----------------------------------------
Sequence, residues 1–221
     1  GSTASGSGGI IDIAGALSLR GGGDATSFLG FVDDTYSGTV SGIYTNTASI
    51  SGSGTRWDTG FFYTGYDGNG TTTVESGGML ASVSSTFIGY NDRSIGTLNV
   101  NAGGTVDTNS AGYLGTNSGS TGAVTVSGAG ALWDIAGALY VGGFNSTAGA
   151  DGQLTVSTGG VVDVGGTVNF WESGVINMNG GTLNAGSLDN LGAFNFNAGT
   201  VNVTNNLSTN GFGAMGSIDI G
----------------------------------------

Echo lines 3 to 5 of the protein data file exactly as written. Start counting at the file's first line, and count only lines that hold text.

    51  SGSGTRWDTG FFYTGYDGNG TTTVESGGML ASVSSTFIGY NDRSIGTLNV
   101  NAGGTVDTNS AGYLGTNSGS TGAVTVSGAG ALWDIAGALY VGGFNSTAGA
   151  DGQLTVSTGG VVDVGGTVNF WESGVINMNG GTLNAGSLDN LGAFNFNAGT